I’ve been reading a lot about minimalism lately (e.g., living with less; owning less; omitting needless things). It is something that has caught my attention. I think I was initially drawn to the idea of owning less and focusing less on possessions because some of the most unhappy times in my life occurred when I was focused on acquiring “stuff” – comparing myself and what I had with others; wanting the same stuff that other people had but not being able to afford it or even get access to it; saving for stuff that I thought would help me to be more popular and fit in; and thinking stuff would help me create an image that I wanted (or others would find appealing). What a tremendous failure all that was – at least for me and it created endless disappointment. On the other hand, times when I have been more grateful for what I had, was not worried about the next thing I needed to buy or acquire, did not compare my possessions with others – I have been much more content.
I have located many great articles on minimalism and I’ve been seeing ways in which minimalism might allow one to access more leisure time and also improve the quality of their leisure. I’m not an expert on the minimalist life, that’s for sure. And, I’m far from a minimalist myself. I am, however, slowing acquiring an understanding of its principles and, because of the field I’m in, cannot seem to help myself from considering the links with leisure.
One of the key principles of a minimalist lifestyle in focusing on experiences and less on material possessions. Looking at this from a leisure perspective, I see ways that a minimalist lifestyle could allow one to access more leisure or to improve one’s leisure time experiences. A focus on experiences could mean enjoying doing things together as a family – putting in the garden; having supper; attending community concerts in the park. It could lead to creating memories and reliving memories created (with friends or with family). I wonder if it could also mean that everyone might be more engaged in the experience they are having – not pulling out hand-held games or phones once arriving at a performance theater to fill the time until the performance starts. I wonder if focusing on the experience would instead mean that people (both adults and children) would take in the energy that may be present (excitement, anticipation) and the atmosphere, would talk and connect with others who are sitting around them, or engaging in conversation with the person or people they came with.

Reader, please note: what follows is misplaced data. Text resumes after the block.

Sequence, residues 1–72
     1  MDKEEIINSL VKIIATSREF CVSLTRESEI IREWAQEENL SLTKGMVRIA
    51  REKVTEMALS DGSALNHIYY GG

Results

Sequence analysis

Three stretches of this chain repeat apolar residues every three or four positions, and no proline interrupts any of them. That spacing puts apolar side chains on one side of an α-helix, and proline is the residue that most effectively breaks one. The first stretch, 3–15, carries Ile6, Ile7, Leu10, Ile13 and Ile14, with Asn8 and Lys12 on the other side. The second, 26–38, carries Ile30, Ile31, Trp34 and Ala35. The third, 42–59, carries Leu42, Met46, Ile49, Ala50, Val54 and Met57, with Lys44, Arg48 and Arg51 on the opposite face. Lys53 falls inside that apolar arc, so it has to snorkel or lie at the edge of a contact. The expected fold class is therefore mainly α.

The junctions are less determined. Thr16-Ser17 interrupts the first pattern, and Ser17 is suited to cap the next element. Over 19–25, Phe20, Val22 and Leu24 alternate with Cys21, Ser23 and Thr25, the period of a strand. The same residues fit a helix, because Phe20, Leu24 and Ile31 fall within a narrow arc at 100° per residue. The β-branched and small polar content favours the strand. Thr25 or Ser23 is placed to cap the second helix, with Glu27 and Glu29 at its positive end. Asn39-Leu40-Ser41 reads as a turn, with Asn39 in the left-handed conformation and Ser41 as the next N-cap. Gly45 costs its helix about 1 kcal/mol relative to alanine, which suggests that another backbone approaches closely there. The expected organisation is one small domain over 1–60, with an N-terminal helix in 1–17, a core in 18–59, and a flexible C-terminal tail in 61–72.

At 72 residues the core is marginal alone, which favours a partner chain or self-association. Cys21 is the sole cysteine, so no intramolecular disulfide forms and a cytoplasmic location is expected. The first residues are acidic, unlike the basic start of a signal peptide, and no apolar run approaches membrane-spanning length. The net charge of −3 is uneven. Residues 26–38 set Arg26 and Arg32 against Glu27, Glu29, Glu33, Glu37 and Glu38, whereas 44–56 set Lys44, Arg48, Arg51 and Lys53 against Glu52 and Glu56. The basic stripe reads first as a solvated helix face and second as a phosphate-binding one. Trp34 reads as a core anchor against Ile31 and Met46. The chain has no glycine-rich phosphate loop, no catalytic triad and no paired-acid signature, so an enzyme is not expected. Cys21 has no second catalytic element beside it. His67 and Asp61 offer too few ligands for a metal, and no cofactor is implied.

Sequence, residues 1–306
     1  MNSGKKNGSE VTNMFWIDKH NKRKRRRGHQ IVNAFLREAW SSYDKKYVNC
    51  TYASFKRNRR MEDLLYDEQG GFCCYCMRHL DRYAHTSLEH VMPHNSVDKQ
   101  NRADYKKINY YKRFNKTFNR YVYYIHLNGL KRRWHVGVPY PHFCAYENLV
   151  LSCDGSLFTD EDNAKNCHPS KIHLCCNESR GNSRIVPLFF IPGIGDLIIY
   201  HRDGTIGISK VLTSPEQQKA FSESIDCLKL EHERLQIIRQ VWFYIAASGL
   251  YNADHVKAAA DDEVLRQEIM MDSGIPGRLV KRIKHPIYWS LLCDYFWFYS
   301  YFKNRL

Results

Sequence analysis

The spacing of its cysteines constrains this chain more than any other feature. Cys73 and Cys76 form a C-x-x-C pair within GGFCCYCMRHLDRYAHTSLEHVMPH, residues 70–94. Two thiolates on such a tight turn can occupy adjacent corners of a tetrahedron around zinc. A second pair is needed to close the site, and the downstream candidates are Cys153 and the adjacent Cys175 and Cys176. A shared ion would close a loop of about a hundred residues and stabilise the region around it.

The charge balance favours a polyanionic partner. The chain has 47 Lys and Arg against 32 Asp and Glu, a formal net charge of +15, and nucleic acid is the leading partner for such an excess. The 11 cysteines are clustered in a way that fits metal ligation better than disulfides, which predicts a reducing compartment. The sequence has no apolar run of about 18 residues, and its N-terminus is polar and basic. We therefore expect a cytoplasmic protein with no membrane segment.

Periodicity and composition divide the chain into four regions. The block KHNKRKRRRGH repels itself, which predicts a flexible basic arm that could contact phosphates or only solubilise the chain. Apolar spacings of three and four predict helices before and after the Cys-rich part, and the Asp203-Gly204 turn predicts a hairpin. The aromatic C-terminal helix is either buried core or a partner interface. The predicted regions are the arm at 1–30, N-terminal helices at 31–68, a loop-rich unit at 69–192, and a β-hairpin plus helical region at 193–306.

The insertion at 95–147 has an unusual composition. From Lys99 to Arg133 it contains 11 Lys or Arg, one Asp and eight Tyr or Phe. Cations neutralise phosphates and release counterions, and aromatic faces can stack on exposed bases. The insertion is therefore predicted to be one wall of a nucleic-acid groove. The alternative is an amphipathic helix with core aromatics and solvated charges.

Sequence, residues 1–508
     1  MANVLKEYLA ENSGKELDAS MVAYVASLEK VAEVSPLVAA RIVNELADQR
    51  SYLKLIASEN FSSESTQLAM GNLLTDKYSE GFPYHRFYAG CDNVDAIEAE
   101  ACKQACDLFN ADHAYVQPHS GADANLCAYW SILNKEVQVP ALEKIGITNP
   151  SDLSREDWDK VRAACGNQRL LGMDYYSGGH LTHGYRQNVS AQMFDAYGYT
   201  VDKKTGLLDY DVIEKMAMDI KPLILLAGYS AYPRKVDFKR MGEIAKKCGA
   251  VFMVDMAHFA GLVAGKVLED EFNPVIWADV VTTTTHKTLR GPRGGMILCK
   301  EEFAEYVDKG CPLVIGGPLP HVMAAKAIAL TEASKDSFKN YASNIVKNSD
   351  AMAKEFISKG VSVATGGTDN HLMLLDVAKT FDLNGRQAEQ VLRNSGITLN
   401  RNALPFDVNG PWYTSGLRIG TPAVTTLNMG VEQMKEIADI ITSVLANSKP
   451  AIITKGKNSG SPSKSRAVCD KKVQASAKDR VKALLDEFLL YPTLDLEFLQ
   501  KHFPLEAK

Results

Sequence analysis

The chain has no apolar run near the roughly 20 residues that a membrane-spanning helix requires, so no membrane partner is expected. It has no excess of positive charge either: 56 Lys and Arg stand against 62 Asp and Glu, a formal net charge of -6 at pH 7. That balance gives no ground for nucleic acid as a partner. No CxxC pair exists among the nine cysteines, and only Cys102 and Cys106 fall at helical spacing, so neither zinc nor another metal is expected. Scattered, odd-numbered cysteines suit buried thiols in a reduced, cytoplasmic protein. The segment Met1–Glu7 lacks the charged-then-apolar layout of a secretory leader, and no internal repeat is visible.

Another principle of a minimalist lifestyle seems to involve making changes that improve quality of life and your relationships with others. Many leisure experiences provide opportunities for you to engage in activities that can improve your quality of life (e.g., physical activity, yoga, meditation, hiking, playing outdoors, reading) and allow you to focus on relationships (e.g., socializing with others, family dinners, volunteering). A minimalist lifestyle may allow for more focus on those activities. It may also mean that your leisure time is spent with those who mean the most to you.